Talal abu Rahmeh, the cameraman who shot the staged scene, boasted that he too was a warrior in the struggle of his people. When caught in a lie about having collected Israeli bullets from the scene in an interview, he explained unapologetically, “We have our secrets. We can’t give anything, just everything.” For Palestinian “journalists,” news was a theater of war. Western journalists acknowledged this even as they broadcast these lethal narratives to their publics at home: “They’re the weapons of the weak,” one French journalist explained of the broadcasts.
Indeed, the al Durah footage was such a powerful image that it became not merely an emblem for the Palestinians but, through Al Jazeera’s constant use of the image, a symbol for the entire Muslim world. Within months of the incident, Osama Bin Laden, who had declared jihad on the United States only two years earlier, featured the Palestinian conflict and specifically al Durah in a global recruiting video. Bin Laden immediately understood the value of the footage not only as a lethal narrative aimed at Israel but also at its supporters, like the United States, or those who failed to avenge the boy’s “death,” meaning cowardly Arab leaders. “In killing this boy, the Israelis killed every child in the world,” as Osama Bin Laden is said to have put it.
Like the medieval blood libel, the story of the deliberate murder of an innocent Muslim child was framed as a symbol of cosmic Jewish malevolence. Far from exercising any kind of due diligence, the European media ran the footage almost as frequently as Arab media, mainstreaming the longstanding Palestinian claim that the Israelis were the new Nazis. Within a week of its first appearance, demonstrators across the Western world massed in the streets to protest Israeli “murder,” some of them carrying signs equating the Star of David with the Nazi swastika and others carrying the banners of terrorist organizations like Hamas. The fact that Western viewers are hardly surprised by such images anymore is a measure of the success of a larger campaign of cognitive warfare by a millennial cult, whose dreams of the end of days may be preposterous but who pose a clear and continuing danger to Western democratic values and practices.
Israel became openly reviled. One diplomat referredto the Jewish state as that “shitty little country,” and more than one prominent world figure compared Israel to the Nazis. It was as if the restraints on criticizing Israel placed on Europeans since the Holocaust had been lifted. As one respected anchorwoman for Europe1 put it: “This death annuls, replaces, erases the picture of the boy in the Warsaw Ghetto.” In other words, al Durah was a get-out-of-Holocaust-guilt-free card.
Here we see the diabolic genius of the jihadi cognitive war against the West. Havingborrowed extensively from the depraved archive of Western anti-Semitism, jihadis played on the scarcely repressed anti-Semitism of the West and reintroduced it via anti-Zionism. Even as Europeans insisted that anti-Zionism was not the same as anti-Semitism, they used anti-Zionism to free themselves of the restraints that decent guilt about the Holocaust had placed on their desire to heap abuse on Jews: Hatred of Israel, they claimed, had nothing to do with Jews, even as Israel’s behavior showed that Jews with power were no better than Nazis.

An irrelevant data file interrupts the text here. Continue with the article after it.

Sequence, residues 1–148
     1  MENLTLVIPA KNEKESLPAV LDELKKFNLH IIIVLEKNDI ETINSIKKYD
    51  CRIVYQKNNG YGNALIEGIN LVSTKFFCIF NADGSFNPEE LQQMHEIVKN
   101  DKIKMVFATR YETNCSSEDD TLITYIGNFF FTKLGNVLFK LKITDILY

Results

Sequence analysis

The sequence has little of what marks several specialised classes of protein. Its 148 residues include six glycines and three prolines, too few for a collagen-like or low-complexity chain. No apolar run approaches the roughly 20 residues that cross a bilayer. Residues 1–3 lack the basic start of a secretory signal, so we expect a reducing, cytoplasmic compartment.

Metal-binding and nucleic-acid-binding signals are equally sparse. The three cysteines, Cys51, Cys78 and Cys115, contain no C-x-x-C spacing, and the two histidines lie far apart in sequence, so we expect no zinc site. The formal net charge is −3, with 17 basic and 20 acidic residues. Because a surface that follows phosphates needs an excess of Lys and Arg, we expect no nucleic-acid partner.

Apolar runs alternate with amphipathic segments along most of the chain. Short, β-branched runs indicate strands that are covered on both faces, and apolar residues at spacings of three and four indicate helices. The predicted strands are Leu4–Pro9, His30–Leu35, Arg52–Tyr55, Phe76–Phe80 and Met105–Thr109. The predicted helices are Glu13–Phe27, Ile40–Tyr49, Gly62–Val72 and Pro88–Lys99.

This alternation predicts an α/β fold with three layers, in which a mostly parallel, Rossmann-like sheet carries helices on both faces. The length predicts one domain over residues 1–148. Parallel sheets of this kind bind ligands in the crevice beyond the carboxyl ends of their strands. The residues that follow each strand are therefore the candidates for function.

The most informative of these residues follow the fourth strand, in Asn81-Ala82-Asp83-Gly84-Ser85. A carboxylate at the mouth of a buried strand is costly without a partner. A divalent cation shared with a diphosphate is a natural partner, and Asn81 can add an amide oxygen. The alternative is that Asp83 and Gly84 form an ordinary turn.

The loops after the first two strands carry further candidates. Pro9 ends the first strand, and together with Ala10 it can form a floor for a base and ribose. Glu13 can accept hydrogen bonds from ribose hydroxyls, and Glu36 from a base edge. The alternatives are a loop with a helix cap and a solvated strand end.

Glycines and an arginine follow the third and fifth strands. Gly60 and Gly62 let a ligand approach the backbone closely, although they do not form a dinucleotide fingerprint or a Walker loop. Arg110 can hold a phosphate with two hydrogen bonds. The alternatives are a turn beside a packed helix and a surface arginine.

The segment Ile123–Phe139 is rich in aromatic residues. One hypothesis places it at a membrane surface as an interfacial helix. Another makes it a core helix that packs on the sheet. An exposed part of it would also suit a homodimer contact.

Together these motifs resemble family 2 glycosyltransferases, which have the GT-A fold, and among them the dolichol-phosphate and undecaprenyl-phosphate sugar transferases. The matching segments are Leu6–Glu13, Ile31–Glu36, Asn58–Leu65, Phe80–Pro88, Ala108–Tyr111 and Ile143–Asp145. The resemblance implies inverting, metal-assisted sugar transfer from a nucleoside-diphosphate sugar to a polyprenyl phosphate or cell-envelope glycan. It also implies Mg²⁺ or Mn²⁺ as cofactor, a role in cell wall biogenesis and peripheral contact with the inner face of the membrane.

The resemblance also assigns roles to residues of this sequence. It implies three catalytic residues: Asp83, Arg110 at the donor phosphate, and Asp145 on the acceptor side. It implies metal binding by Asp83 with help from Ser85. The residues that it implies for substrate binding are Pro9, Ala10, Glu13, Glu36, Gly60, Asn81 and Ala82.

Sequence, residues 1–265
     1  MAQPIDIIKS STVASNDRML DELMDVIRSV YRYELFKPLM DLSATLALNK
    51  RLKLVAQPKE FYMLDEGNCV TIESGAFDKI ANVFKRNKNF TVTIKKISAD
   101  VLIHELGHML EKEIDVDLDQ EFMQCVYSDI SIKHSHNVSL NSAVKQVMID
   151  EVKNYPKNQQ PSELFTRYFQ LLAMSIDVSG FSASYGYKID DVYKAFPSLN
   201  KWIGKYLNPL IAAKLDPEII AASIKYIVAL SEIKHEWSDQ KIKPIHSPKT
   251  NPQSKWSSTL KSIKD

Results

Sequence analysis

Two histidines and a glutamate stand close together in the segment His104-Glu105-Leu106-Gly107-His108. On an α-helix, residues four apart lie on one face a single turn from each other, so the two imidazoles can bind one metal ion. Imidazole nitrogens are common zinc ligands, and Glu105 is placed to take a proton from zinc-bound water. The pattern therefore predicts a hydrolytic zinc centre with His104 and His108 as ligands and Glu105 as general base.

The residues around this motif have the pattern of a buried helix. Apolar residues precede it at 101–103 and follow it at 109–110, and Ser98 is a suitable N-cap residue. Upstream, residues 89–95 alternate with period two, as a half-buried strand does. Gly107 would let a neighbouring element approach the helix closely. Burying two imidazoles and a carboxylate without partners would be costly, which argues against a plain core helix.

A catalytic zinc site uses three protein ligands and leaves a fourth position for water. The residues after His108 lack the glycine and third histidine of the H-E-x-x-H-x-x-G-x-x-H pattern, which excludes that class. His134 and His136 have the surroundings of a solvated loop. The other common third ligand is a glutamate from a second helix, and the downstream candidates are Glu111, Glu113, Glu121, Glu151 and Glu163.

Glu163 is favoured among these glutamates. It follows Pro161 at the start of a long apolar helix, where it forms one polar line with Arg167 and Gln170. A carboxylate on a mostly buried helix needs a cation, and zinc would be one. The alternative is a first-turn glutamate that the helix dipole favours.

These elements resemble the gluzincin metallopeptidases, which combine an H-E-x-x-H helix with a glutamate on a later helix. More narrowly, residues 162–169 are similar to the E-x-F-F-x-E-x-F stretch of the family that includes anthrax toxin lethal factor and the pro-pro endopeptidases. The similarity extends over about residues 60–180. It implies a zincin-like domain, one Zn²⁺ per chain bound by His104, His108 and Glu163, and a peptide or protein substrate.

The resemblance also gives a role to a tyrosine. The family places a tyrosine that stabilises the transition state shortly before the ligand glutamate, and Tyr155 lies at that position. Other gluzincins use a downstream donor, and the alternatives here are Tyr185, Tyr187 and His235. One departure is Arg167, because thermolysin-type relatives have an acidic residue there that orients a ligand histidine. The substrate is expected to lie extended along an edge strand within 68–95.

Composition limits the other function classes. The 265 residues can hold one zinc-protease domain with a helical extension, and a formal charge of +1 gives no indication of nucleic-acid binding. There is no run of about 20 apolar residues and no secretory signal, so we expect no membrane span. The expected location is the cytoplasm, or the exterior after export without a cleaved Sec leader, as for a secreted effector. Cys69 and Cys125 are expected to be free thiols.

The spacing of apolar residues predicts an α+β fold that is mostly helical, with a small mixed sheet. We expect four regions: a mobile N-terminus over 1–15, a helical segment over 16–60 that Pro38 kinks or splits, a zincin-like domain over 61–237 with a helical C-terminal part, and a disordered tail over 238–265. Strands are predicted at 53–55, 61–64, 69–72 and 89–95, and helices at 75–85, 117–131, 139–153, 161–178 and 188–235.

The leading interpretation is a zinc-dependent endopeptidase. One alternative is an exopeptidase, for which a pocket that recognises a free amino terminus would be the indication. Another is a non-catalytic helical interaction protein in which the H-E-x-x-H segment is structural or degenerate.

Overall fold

Swept with a wave of moral Schadenfreude, European audiences eagerly devoured the lethal narratives the Palestinians fed their press about an evil Israel. The blood libel worked: For many, Israel was above all a serial murderer of children. In 2007, when I gave a talk in Budapest about Muhammad al Durah, one of the organizers interrupted my presentation to insist that, “Everyone knows that the Israelis kill Palestinian children every day.” The same year, Canadian pro-Palestinian activist Mary Hughes-Thompson, who to this day recalls the importance of what she called seeing Muhammad al Durah “shot and killed before my very eyes,” wrote: “It’s … horrifying to know that Palestinian children are killed every day by bombs and bullets from Israeli occupation forces.” In the cognitive war, the al Durah lethal narrative was a nuclear bomb; while the explosion has died down, we’re still breathing in the radioactive waste.
Western journalists, especially Europeans, made three critical mistakes in their handling of the al Durah episode. First, even as they rejected any narrative supportive of Israel as unreliable “communautarisme,” or partisanship, they embraced any Palestinian lethal narrative no matter how incredible. Second, they represented the Palestinian hostility to Israel as that of a secular, national liberation movement hostile only to Israel rather than an Arab-Muslim jihad in search of honor lost on a global scale. Third, they therefore assumed that by siding with the Palestinians, they would gain their favor. Instead, as the Arab-Muslim street that took root in Europe in the last decade has illustrated, European infidels were every bit the target of jihadi malevolence.
Thus, as European journalists replayed endlessly the images of al Durah and reported every Palestinian claim that the Israelis murdered children, the journalists had no idea that they were waving the flag of jihad in front of their own Muslim immigrant populations, and no idea that they too were the target of jihadi hatred. In 2002, in response to unconscionably irresponsible reports from the European press about a massacre of hundreds if not thousands of innocent Palestinians in Jenin, self-styled progressives poured into the streets in support of the very terrorism that had prompted the Israelis to defend themselves. As Italian journalist Oriana Fallaci wrote at the time:
In Italy there [is] a procession of individuals dressed as suicide bombers who spew vile abuse at Israel, hold up photographs of Israeli leaders on whose foreheads they have drawn the swastika, incite people to hate the Jews.